Ron travels the state listening to Wisconsinites about how to keep our country safe

This past week, Ron has been traveling the state with the goal to learn from Wisconsinites about how they think we can keep our country safe. He made stops in Green Bay, Superior, La Crosse, Mosinee, River Falls and will end with one last stop in Madison today. Read summaries of his stops below:

From Fox 11 in Green Bay:

In a room filled with chairs placed in a circle, Senator Ron Johnson listened to those around him Wednesday.

The small audience at Heritage Hill State Historical Park expressed some of their concerns during the senator’s national security listening session.

“You can’t solve a problem if you don’t understand it,” said Sen. Ron Johnson, R-Wisconsin

One of the main topics included terrorism and the Islamic State.

The senator said more needs to be done and to defeat ISIS and it needs to happen sooner.

“It’s going to have to require greater involvement and more leadership out of America than we’re showing right now. Of course, President Obama states the goal takes off the table the very action of American ground troops that are going to be required to actually accomplish that goal,” Johnson said.

From WDIO in Superior:

For Johnson’s plan for economic growth, he pointed to his experience as a businessman.

“I actually know how the private sector works; I know how to grow an economy,” Johnson said. “Senator Feingold knows how to grow government, that’s for sure.”

Johnson’s purpose for making a stop in Superior was a town hall discussion on national security at UWS.

“So many of the problems, and you just heard it here again today, is driven by our use and abuse of drugs,” Johnson said. “Drugs destroy people’s lives, drugs destroy families, drugs destroy economies.”

He pointed to the southern border as the country’s most vulnerable spot when it comes to immigration and national security. On that front, Feingold said while safety from the threat of ISIS is the most important thing, it isn’t all the American people should be focused on.

“Let’s figure out a way to choke them off. Let’s cut off their ability to get oil, let’s cut off their ability to get arm sales,” Feingold said. “Let’s make sure we have enough intelligence on the ground to find out what they’re doing. Let’s do it smart.”

From WAOW in Central Wisconsin:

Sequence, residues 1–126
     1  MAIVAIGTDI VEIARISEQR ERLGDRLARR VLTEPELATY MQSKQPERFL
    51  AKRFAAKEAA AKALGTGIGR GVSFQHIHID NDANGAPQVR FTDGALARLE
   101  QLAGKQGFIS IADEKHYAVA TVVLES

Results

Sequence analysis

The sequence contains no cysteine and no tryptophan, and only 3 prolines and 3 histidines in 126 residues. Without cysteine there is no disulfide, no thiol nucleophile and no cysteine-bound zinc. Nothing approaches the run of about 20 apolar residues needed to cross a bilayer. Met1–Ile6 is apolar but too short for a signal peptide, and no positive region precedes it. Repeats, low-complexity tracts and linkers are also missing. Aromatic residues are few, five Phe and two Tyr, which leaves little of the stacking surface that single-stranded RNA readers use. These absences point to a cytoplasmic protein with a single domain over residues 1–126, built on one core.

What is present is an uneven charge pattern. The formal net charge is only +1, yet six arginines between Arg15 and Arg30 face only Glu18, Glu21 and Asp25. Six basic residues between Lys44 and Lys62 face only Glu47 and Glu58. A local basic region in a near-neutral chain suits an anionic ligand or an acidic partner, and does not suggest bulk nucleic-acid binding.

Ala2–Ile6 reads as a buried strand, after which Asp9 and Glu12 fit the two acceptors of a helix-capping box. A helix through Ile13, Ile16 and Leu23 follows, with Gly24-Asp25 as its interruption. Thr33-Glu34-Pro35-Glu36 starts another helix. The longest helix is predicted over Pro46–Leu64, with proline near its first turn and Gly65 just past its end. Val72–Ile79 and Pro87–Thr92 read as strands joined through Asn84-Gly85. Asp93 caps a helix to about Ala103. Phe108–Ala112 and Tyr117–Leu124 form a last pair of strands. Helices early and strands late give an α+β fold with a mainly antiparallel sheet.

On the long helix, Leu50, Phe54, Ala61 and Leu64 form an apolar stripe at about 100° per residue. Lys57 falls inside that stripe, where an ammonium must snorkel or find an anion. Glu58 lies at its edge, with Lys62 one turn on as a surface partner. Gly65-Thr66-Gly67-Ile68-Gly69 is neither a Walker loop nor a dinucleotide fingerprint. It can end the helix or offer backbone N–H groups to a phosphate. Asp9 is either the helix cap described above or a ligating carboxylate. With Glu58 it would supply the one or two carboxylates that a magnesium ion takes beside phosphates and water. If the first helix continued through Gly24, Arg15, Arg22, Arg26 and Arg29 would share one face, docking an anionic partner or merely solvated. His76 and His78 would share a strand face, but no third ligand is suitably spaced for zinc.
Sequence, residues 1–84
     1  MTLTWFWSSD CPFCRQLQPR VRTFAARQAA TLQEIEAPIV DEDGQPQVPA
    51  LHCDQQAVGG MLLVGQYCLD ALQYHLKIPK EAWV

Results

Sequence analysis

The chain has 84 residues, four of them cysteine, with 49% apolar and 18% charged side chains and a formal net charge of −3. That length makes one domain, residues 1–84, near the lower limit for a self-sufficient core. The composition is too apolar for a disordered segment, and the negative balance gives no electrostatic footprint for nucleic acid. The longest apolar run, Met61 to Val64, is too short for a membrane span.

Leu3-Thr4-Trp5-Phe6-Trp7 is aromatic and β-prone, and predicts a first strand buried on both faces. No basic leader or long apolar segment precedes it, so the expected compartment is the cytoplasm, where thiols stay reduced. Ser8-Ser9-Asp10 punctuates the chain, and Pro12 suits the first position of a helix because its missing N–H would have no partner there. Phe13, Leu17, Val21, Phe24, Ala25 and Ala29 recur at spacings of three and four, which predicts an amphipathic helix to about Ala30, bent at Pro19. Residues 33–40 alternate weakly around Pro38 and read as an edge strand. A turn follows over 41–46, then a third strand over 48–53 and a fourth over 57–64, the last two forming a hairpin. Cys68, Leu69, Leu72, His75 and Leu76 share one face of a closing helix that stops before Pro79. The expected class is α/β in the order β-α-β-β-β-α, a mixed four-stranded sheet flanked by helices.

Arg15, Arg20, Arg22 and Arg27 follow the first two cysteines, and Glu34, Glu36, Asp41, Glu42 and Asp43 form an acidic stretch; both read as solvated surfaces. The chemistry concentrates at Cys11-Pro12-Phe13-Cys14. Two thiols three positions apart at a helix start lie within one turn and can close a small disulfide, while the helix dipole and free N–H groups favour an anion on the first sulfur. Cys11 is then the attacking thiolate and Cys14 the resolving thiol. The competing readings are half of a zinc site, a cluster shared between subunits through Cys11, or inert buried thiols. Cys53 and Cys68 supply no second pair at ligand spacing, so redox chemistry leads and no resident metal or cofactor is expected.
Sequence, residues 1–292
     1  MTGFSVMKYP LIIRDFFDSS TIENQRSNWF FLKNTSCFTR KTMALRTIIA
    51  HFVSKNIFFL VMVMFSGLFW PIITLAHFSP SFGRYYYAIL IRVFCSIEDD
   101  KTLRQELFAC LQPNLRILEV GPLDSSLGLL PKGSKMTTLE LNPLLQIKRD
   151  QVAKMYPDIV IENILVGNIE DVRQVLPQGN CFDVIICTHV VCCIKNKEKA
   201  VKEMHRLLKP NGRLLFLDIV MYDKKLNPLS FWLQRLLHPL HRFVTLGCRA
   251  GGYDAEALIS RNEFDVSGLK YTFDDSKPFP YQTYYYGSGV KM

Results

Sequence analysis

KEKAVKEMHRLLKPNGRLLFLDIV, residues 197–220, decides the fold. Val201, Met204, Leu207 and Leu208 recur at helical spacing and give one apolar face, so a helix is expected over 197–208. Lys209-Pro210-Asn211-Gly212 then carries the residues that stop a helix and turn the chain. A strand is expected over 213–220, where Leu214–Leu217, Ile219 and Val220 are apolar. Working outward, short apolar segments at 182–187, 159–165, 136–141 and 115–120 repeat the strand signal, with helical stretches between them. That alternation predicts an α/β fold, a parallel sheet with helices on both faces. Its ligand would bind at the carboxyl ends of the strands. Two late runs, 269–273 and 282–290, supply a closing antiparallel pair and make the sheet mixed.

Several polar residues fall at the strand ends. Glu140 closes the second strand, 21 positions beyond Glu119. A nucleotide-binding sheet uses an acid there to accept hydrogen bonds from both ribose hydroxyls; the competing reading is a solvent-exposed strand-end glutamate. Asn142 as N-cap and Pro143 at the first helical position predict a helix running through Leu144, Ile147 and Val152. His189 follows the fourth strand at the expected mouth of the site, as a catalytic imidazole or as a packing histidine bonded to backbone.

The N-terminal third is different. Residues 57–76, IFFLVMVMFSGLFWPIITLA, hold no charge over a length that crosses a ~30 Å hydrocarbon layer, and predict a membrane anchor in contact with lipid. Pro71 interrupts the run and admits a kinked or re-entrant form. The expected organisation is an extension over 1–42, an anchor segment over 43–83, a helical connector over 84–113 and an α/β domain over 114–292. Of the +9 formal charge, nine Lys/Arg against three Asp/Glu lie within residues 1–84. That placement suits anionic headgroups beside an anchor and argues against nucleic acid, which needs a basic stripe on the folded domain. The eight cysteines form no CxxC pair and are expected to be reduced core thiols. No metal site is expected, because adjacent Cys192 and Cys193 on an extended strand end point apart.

U.S. Senator and Chairman of Homeland Security Ron Johnson was in Central Wisconsin Wednesday. He had strong words for the North Korean regime hours after claims surfaced that they detonated a hydrogen bomb.

“North Korea is a rogue regime, I think their leader is a lunatic, can’t be trusted, irrational actors,” said Senator Johnson.

… The problems aren’t just in North Korea, Senator Johnson cited other countries as adding to the threat level of the United States.

“You take a look at China, building islands in the South China Sea that are territory claimed by other countries, that’s provocative, that’s destabilizing,” said Senator Johnson. “Putin in Ukraine, in other Eastern European countries trying to destabilize them.”

He called for better leadership, and said America needs to use their power and influence.

“We can’t let our guard down, we can’t hollow out our military, we need to be strong economically so we can be strong militarily so we can keep this nation safe but also be a stabilizing force for the world,” said Senator Johnson.

From WJFW in Mosinee:

When it comes to national security issues, communities in northcentral Wisconsin don’t get consulted very often. But U.S. Senator Ron Johnson, who is running for reelection this fall, says he wants to show police officers in this part of the state that  they have an ally in Washington D.C.

Johnson held a public forum on national security at Central Wisconsin Airport Wednesday afternoon.
The Senator invited police chiefs and officers from across the area to share their biggest concerns. Officers told Johnson drugs are the biggest issue they face.
… Plover Police Chief Dan Ault made a point of attending the forum, saying he appreciated the chance to interact with someone with national clout.

“I’ve been a police officer for 25 years and a police chief for four years, and I’ve not had a senator ever ask me, ‘What can we do?'” Ault said. “It is refreshing, and I think there needs to be more of a connection.”
The forum also addressed U.S. boarder security issues and how to prevent lone wolf and ISIS-inspired attacks.

Ault told the senator that creating a national security plan starts on a small, local level.

“When a problem erupts in a small community, we know about it sooner, we can respond to it quicker, we can, I think, effectively manage and deal with it better because we know the community,” Ault said.